Fresh useful insights for people advancing quality, innovative and sustainable journalism
You might have heard: A Turkish newspaper close to the government has published a list of 15 men suspected of killing Saudi journalist and critic Jamal Khashoggi (The New York Times)
But did you know: President Trump vows ‘severe punishment’ if Saudi Arabia is behind missing journalist (CBS News)
President Trump said in an interview with 60 Minutes the Saudis could be behind the disappearance of missing journalist and Washington Post contributor Jamal Khashoggi, and if so, the U.S. would inflict “severe punishment.” Trump said there is a lot at stake “and maybe especially so because this man was a reporter.” When asked what kind of punishments he may pursue if Saudi Arabia is found to be behind the disappearance, Trump wouldn’t commit to sanctions or cutting sales of military equipment to Saudi from American companies. “I’ll tell you what I don’t want to do,” he said, “I don’t want to hurt jobs. I don’t want to lose an order like that. And you know what, there are other ways of punishing.”
+ Related: Reality breaks up a Saudi prince charming’s media narrative (The New York Times)
+ Noted: Google to fight subpoena demands over “Shitty Media Men” spreadsheet (The Hollywood Reporter); Newspaper sales in Florida are eroding faster than the national average (Florida Bulldog)
As part of its big subscription push, The Washington Post is trying to make sure people don’t run into anything that might keep them from subscribing — including their ads. The Post’s User Lab is the scene of these efforts; a four-person team that conducts monthly focus groups with heavy users of The Post. In the focus groups, the lab is looking for three things: if the ad functions as users expect it to, is it useful for them, and overall feedback. So far the lab has created four new ad formats. It found, for example, that people preferred being served contextually relevant articles over retargeted ads, so it has started to bundle Post articles that are relevant to the reader into an ad unit. Other publishers have been making similar moves to the Post’s in the name of improving user experience as they look to users to pay more of the bills, writes Lucia Moses.
Jamal Khashoggi’s disappearance in Turkey plays into Middle East media war (The Washington Post)
The reason behind the disappearance of Saudi journalist Jamal Khashoggi at the Saudi consulate in Turkey has been vehemently contested by both countries, with Saudi Arabia denying that Khashoggi was killed or even detained in the consulate, and Turkey insisting that he was. With little evidence officially put forward by either side, the conflicting narratives cast doubt on the information that has arisen so far. “The Middle East is deeply divided by geopolitical interests and is a place where leaks of information — and misinformation — are often intended to drive narratives,” writes Adam Taylor. “Turkey and Saudi Arabia sit on opposing sides of this divide, and both have a reputation for muddying the water.”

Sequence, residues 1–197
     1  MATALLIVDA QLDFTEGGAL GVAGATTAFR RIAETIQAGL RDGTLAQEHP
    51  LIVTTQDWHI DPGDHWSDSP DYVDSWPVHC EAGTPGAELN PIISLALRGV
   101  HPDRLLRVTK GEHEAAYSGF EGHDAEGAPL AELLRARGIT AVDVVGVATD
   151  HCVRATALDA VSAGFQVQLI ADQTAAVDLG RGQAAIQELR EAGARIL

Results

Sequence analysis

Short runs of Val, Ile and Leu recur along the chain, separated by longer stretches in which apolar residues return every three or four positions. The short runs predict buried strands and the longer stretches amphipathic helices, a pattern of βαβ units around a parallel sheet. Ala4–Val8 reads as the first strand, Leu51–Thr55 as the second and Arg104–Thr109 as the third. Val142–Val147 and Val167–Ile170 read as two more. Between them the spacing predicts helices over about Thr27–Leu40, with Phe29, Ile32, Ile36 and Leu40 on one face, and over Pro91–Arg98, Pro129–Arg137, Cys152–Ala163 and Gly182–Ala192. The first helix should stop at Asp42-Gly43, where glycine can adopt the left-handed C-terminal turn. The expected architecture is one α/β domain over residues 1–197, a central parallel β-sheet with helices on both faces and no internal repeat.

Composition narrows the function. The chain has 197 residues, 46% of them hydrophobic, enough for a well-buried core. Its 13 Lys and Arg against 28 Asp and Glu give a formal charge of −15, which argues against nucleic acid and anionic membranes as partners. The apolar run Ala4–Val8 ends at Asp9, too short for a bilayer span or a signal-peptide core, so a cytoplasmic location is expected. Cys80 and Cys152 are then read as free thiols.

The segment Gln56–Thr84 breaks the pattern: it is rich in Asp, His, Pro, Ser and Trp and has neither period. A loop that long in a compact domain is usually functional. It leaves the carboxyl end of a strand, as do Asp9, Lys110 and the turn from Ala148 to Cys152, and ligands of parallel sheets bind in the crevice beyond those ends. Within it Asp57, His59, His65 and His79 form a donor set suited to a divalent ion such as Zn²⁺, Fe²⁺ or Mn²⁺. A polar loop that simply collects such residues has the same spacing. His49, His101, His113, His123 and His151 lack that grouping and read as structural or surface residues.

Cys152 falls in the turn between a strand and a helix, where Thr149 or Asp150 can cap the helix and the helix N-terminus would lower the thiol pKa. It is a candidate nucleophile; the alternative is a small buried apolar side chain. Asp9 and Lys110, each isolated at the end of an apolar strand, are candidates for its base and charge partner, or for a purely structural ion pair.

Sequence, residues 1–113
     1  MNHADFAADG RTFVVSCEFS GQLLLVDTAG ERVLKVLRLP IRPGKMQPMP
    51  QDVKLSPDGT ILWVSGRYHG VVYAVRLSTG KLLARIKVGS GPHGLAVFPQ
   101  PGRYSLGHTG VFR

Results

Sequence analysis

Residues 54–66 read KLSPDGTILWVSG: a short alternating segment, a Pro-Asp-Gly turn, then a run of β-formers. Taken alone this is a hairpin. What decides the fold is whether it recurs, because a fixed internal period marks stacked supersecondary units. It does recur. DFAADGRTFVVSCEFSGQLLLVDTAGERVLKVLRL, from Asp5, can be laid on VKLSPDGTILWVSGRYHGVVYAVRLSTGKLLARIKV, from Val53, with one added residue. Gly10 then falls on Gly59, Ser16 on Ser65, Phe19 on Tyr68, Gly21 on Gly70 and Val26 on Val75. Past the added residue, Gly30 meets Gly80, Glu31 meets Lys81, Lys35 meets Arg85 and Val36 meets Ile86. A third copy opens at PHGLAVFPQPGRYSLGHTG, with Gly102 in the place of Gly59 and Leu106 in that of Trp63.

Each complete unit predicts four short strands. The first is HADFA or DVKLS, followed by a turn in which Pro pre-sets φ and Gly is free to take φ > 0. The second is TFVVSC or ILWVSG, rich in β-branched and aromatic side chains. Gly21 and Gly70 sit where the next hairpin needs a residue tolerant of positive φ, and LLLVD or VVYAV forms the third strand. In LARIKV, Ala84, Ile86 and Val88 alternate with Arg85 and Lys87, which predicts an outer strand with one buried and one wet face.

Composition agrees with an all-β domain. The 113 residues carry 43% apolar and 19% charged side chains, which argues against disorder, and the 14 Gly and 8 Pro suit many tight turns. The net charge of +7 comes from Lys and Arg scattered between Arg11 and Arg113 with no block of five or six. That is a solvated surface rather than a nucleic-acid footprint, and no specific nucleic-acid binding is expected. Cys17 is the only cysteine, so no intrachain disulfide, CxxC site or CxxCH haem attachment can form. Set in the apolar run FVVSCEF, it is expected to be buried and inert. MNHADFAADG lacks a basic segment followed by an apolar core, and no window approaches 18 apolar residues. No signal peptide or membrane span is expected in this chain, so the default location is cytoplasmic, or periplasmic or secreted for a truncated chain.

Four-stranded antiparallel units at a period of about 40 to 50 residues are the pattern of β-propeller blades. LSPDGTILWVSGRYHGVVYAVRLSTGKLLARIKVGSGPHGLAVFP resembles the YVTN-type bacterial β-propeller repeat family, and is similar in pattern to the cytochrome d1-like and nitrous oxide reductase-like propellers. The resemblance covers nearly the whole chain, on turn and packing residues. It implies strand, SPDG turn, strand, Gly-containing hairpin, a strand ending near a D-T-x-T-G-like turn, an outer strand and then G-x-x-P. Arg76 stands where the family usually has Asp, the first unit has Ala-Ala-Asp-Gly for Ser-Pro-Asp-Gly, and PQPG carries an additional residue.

A channel on Twitch, the streaming video platform owned by Amazon, that features climate scientists discussing global warming while playing the video game Fortnite, may seem an unlikely source of information about climate change. But it’s proving a genius way of getting the topic in front of the young audience who will have to deal with its effects, writes Angela Watercutter. “Scientists do a good job of communicating via traditional routes — talking to journalists and policymakers and writing op-eds,” says Andrew Dessler, a professor of atmospheric sciences at Texas A&M who has been featured on the channel. “But not everyone listens to policymakers or reads op-eds or follows scientists on Twitter. ClimateFortnite is a great way to reach people who don’t get news from traditional sources.”
The recent furor over President Trump’s op-ed in USA Today, in which fact-checkers have found many distorted and outright false claims, brings a growing tension between news and opinion content to the fore. The episode shows how blurry the lines are between news and opinion, and why the public finds it so difficult to distinguish those lines, writes Eli Pariser. “Perhaps it’s time to reconsider the whole premise of bundling together hard news and opinion content under the same brand names and domains,” he suggests. “If we believe there’s something special about the processes and norms that create journalism (and I do), publishers should draw a brighter line around it — a line that both people and algorithms can understand.”
+ Related: “Good luck separating ‘journalism’ and ‘opinion’ in the age of Trump” (White House Watch) … but if you want to try, here are our tips for helping readers distinguish news and opinion
Want to understand disinformation? Ask the people formerly known as your audience (Zombie Journalism)Much of the study of disinformation is focused on the overall system, writes Mandy Jenkins. In her fellowship year at Stanford, Jenkins wants to tackle the problem from another perspective: How might news organizations fight misinformation by learning from the people who believe it and share it? “I’m not particularly interested in giving its perpetrators more of my time,” she writes. “Instead, I want to better understand those at the receiving end of these campaigns — the regular people who happen to get caught up in spreading false stories — and what we in media can learn from their experiences.” In the course of her research, Jenkins plans to interview consumers of disinformation in their communities and homes to better understand their media habits, motivations and struggles to understand what is going on in the world.
+ “I fundamentally believe that my time at Reddit made the world a worse place”: A conversation with former Reddit product head Dan McComas (New York Magazine); A reporter sought a public record, ended up in a two-year legal battle. She won. (Poynter)